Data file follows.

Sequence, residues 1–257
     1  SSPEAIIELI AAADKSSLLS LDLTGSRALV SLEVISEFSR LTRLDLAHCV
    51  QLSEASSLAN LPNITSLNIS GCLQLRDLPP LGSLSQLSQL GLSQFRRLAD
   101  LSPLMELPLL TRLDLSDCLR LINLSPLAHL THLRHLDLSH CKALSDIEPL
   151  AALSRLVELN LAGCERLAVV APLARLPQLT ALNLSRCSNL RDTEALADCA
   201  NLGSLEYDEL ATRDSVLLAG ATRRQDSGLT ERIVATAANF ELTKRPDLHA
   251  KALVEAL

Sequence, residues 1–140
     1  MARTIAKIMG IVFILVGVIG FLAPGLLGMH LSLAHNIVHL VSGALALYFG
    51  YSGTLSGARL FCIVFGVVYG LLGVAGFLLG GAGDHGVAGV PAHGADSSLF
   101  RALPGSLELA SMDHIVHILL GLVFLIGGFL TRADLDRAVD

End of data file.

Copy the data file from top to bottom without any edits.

Sequence, residues 1–257
     1  SSPEAIIELI AAADKSSLLS LDLTGSRALV SLEVISEFSR LTRLDLAHCV
    51  QLSEASSLAN LPNITSLNIS GCLQLRDLPP LGSLSQLSQL GLSQFRRLAD
   101  LSPLMELPLL TRLDLSDCLR LINLSPLAHL THLRHLDLSH CKALSDIEPL
   151  AALSRLVELN LAGCERLAVV APLARLPQLT ALNLSRCSNL RDTEALADCA
   201  NLGSLEYDEL ATRDSVLLAG ATRRQDSGLT ERIVATAANF ELTKRPDLHA
   251  KALVEAL

Sequence, residues 1–140
     1  MARTIAKIMG IVFILVGVIG FLAPGLLGMH LSLAHNIVHL VSGALALYFG
    51  YSGTLSGARL FCIVFGVVYG LLGVAGFLLG GAGDHGVAGV PAHGADSSLF
   101  RALPGSLELA SMDHIVHILL GLVFLIGGFL TRADLDRAVD